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Flotation of the Virgin flags up River Wye’s impurity

18 August 2022

Alamy

The sculptor Philip Chatfield (right) and his friend Callum Bulmer with the statue of Our Lady of the Waters and the Wye

The sculptor Philip Chatfield (right) and his friend Callum Bulmer with the statue of Our Lady of the Waters and the Wye

A SCULPTURE of the Virgin Mary has travelled 75 miles on two canoes down the River Wye this week, to raise awareness about pollution.

The journey of Our Lady of the Waters and the Wye began on Monday, the feast of the Assumption, at Hay-on-Wye, Wales, and ends today in Monmouth. The wooden sculpture, by Philip Chatfield, is around 4 ft high. Mr Chatfield is one of the canoeists accompanying it; others include the deputy head of Monmouth School and his wife, who are both Atlantic rowers. The statue is also accompanied by wild swimmers.

The pollution crisis is considered particularly severe in the Wye, where overflow from chicken-farm slurry, sewage, excessive use of fertilisers, run-off from arable land, and soil erosion are blamed for long-term damage. The initiative aims to raise awareness and to call for concerted action to clean up the river.

The voyage was the idea of the Revd Richard Williams, Vicar of St Mary’s, Hay-on-Wye, and was launched at Hay Bridge. Services and blessings were held at churches along the river, and bells were rung.

The procession was met by trumpet and saxophone music at Bredwardine Bridge, Georgian chant by the monks of Belmont at Moccas, and choral evensong at Hereford Cathedral, where the statue stayed overnight on Tuesday. On Wednesday, Mr Chatfield described the experience of bringing Our Lady of the Waters and the Wye into the cathedral during evensong as “sublime — totally medieval”.

Fr Williams said that the Cathedral had been very welcoming. The voyage had captured the imagination of local people, he added. “It is both a spiritual act of faith and courage and also a moment of rallying for those people of goodwill and love for creation to unite together in a common purpose.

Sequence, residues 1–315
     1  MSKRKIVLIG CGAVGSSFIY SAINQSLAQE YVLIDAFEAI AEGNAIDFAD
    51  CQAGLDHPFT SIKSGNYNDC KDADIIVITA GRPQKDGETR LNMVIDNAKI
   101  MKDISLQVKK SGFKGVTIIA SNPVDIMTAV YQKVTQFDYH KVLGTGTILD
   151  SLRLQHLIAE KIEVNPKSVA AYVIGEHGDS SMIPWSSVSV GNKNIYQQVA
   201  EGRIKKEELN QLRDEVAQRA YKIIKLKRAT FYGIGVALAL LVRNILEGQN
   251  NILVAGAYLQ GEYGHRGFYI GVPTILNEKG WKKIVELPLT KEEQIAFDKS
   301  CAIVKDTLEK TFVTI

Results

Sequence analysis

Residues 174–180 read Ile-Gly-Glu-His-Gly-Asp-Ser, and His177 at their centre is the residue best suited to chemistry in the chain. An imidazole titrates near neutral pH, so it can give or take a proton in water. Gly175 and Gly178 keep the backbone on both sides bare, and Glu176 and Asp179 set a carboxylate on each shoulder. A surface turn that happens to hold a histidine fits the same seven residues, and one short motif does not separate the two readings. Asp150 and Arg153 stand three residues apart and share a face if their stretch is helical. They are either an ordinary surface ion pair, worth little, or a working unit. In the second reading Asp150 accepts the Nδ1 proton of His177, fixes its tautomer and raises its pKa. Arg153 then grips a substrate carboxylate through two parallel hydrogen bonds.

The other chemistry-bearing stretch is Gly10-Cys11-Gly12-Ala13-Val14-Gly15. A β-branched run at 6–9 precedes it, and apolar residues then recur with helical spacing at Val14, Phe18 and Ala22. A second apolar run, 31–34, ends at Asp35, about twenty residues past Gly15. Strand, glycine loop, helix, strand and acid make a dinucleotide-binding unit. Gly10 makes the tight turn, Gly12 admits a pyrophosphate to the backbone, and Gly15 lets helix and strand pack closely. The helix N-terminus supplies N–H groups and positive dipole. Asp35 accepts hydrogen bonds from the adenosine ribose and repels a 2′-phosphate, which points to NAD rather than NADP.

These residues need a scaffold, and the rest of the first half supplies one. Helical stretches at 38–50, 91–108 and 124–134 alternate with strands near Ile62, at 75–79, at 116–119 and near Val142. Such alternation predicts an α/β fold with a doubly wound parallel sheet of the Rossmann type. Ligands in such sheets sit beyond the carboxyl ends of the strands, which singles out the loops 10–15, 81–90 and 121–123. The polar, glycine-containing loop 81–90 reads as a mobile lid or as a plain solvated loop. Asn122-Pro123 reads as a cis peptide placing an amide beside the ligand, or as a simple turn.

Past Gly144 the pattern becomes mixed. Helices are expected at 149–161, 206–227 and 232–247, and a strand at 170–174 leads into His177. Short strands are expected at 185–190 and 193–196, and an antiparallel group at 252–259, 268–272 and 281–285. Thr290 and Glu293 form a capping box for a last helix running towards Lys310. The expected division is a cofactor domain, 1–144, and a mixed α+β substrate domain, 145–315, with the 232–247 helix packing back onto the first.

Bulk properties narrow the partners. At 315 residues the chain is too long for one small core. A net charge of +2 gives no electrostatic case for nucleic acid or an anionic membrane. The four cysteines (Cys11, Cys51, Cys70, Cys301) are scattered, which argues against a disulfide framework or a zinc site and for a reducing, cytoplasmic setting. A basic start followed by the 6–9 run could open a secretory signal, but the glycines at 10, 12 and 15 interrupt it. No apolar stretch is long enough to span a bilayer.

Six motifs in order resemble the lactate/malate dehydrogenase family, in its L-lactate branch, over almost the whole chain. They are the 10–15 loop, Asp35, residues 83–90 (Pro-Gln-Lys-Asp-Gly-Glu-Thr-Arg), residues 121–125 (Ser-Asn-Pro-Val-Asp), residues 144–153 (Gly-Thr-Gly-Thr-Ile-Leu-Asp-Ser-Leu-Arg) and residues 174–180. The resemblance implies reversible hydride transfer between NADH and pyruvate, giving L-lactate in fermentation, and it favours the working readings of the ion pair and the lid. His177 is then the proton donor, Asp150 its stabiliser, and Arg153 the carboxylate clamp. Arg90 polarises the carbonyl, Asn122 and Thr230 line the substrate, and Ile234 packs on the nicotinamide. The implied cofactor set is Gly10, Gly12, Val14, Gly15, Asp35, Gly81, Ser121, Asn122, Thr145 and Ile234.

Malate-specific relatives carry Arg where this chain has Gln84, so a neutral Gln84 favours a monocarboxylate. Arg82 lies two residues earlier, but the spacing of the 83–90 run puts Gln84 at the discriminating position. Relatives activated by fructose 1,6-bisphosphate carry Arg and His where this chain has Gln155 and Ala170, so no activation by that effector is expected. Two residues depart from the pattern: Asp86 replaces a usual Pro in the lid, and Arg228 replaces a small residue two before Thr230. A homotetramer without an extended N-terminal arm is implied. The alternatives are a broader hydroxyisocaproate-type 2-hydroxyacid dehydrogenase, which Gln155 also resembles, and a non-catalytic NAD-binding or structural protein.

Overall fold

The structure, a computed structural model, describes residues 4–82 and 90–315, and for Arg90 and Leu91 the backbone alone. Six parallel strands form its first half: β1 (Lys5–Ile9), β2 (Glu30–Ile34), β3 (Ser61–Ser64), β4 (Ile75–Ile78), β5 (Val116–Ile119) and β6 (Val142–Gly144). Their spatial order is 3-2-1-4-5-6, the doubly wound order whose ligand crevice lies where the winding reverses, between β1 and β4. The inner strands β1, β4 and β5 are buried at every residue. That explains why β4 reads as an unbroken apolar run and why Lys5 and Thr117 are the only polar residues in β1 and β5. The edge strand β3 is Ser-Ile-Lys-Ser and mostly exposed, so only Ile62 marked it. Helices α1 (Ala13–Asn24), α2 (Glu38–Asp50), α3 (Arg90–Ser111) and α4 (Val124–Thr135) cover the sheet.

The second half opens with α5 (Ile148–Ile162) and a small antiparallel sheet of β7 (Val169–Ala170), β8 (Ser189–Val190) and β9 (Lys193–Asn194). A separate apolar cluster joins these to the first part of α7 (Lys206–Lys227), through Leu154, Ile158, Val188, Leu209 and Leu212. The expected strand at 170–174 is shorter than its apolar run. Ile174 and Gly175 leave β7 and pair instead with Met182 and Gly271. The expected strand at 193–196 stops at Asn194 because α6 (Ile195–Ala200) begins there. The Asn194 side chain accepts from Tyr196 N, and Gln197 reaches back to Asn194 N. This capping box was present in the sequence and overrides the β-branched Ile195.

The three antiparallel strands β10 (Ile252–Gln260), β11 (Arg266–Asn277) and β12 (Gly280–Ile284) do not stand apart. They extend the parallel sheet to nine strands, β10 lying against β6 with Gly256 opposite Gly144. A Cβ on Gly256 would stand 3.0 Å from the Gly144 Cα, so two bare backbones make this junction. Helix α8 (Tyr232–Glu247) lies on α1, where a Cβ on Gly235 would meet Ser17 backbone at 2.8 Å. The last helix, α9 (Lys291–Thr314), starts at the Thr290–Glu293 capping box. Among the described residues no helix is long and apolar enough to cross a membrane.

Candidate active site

“There is so much division in the world, but this is a marvellous opportunity to celebrate something good and to help restore it to what God and nature would have it be. We cannot possibly say that we love God, who is unseen, if we fail to love that which is seen, the River Wye, a much-loved product of the Creator’s hand.”

At the end of the voyage, the sculpture will find a permanent home at a hillside shrine at Capel-y-ffin.

The Director of Vocations and Ordinands for Hereford diocese and acting Bishop’s Chaplain, the Revd Neil Patterson, who is the secretary of the River Wye Preservation Trust, said that the voyage was an “imaginative opportunity” to draw attention to the problems facing the river today.

“As Christians, we have a responsibility to receive God’s creation as a gift to be tended and not merely a resource to be exploited, and scripture abounds with the powerful symbolism of water as a source of life, renewal, and cleansing,” he said on Tuesday. “My hope is that by capturing the public imagination, the voyage helps to promote better conversation about our shared responsibility for the Wye and other ecological issues.

“If future generations are to enjoy the beauty of a clear river Wye filled with wildlife, we need to be ready to think more about how all our lifestyles impact on the earth.”

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